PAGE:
The market for photography essentially breaks down into two broad categories -- vintage and contemporary -- and there are different rules for collecting and valuating each.
If vintage photographs are lumped together as historical prints, anything related to North American natives or to specific periods in history, such as the Raj in India, commands top dollar.
Aside from the image and its composition, value is determined by how much time elapsed between the production of the negative and the making of the print. You want to get your hands on one of the very first prints made by an artist because they are the most rare and, hence, the most valuable.
Of special note is the paper on which the image is printed. According to Mr. Bulger, vintage photographs were printed on a much wider variety of papers than are used today, with varying amounts of silver contained in them. The more silver, the more luminous the image appears and the richer the dark tones will be.
"What people don't always appreciate is that each print is laboriously made by the hand of an artist," he says. "There will never be two identical vintage prints."
Death is usually positive for valuations. For example, a signed Henri Cartier-Bresson print from an original negative, which once sold for $5,500, is now worth $15,000 to $20,000 because of his death.
The exception would be a vintage photo printed posthumously, rather than by the artist; in that case, the price would be considerably diminished.
For top value, the condition of the print is critical as well. If it's damaged or creased, its worth drops considerably.
Collectors must also consider what process was used in the printmaking and the provenance of the piece.
Meanwhile, rather different factors determine the valuation of contemporary photographs. For example, a close correlation between a negative and the first few prints is considered largely irrelevant in newer works.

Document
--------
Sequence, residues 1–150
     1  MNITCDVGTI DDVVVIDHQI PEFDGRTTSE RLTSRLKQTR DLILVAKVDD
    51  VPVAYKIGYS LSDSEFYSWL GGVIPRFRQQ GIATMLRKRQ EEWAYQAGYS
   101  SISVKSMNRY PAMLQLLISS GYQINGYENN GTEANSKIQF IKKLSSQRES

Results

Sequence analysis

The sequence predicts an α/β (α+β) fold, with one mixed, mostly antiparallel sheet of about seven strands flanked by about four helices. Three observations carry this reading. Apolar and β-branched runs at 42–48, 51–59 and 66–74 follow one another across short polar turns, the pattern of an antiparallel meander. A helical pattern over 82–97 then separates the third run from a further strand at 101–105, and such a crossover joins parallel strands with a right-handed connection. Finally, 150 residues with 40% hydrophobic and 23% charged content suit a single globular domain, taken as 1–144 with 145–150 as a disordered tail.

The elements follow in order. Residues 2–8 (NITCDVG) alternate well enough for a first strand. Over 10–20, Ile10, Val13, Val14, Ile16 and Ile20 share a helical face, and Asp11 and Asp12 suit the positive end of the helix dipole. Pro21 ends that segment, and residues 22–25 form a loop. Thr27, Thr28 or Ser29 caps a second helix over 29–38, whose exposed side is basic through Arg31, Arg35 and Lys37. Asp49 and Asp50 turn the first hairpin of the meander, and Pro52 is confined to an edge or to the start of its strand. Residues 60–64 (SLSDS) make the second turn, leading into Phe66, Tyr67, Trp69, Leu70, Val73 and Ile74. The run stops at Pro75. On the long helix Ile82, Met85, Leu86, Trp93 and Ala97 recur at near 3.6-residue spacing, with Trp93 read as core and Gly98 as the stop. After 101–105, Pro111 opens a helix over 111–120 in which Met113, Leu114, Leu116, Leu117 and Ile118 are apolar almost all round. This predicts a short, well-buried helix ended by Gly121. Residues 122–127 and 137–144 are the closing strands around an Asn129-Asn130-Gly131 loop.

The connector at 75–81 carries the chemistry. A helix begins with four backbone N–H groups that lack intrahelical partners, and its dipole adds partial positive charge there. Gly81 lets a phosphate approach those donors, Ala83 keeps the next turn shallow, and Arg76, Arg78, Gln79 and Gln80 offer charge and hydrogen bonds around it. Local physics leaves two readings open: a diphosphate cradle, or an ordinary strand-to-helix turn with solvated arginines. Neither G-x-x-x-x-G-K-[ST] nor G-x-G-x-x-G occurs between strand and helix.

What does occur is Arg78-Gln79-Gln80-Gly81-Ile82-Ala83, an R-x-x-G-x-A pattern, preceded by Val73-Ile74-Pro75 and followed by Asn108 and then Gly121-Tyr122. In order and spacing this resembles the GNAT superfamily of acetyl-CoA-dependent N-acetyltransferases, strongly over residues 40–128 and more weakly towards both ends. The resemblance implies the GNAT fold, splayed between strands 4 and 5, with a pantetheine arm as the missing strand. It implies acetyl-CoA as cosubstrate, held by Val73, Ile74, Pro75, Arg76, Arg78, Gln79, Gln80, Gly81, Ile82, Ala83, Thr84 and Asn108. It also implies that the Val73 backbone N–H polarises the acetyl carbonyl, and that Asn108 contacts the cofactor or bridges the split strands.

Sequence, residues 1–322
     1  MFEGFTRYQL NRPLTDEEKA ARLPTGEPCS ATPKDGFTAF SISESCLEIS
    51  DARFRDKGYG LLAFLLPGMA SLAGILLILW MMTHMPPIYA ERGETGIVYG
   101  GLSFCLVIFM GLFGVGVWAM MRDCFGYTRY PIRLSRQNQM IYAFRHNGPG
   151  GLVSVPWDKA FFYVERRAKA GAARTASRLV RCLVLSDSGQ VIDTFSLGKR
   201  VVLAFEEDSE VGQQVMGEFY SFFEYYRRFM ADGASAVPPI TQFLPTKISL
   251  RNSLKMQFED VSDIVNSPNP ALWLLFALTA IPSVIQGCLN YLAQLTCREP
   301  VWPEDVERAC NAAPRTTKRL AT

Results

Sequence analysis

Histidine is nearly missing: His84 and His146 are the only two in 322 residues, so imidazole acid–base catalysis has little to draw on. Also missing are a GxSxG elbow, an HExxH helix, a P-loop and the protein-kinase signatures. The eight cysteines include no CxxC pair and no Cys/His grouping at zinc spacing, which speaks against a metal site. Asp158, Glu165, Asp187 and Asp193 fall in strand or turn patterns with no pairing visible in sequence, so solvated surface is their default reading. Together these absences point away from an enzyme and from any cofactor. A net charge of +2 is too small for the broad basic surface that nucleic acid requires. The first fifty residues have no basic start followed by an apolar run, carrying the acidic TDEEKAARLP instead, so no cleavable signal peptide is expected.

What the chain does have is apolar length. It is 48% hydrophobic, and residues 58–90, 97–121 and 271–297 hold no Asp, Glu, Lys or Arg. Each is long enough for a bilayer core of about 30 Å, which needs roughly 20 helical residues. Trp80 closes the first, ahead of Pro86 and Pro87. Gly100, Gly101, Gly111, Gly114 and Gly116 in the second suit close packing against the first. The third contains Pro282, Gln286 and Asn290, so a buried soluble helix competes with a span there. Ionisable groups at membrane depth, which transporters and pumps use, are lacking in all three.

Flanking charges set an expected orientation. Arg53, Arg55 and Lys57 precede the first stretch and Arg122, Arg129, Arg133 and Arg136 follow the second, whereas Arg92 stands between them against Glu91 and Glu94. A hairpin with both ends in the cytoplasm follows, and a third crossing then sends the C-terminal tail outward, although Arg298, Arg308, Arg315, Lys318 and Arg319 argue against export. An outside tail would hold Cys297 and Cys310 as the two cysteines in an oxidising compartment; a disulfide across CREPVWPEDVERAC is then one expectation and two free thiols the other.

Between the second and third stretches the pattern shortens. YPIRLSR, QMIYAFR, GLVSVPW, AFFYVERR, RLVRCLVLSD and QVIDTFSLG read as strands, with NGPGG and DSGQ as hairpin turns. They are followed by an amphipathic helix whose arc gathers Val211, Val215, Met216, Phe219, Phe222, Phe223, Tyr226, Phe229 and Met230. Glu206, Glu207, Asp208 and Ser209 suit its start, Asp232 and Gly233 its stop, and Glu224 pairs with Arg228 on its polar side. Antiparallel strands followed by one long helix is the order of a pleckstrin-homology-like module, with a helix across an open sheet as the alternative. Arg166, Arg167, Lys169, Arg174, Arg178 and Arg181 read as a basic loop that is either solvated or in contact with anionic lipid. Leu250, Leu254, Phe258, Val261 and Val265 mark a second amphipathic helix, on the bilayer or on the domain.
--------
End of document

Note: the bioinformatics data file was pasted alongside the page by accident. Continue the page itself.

Olga Korper, a Toronto gallery owner who represents the estate of American photographer Robert Mapplethorpe in Canada, explains that contemporary photos increase in value as the series comes closer to selling out.
"If there are maybe 10 or 15 prints of a Mapplethorpe image, you'll pay less for No. 1 than for No. 15, because it's almost all gone," she says. "It's the inverse of what happens with vintage."
In the 1980s, contemporary artists began limiting their print runs to sustain demand for their work, and to boost prices. Again, the rarer the photograph, the more it's worth.
Ready to become a collector? To protect yourself, Mr. Bulger recommends buying from only a respected dealer, and insisting that a detailed bill of sale be provided.
"A bill should be signed by both parties because it's a form of legal contract," he explains.
Making sure that both sides understand the nature of the deal is also imperative. (Just ask Jane Corkin. Or Andrew Klink.)
But whether your interest lies in one genre or another, Mr. Bulger warns against falling in love with a single picture. Instead, a good collector has to grasp an artist's career, to comprehend the breadth of the work and the context for it.
"Collecting one artist in depth is always a good idea," he says. "You want to buy into a career, not a random act."
Financial Post - Canada; Dec 24, 2004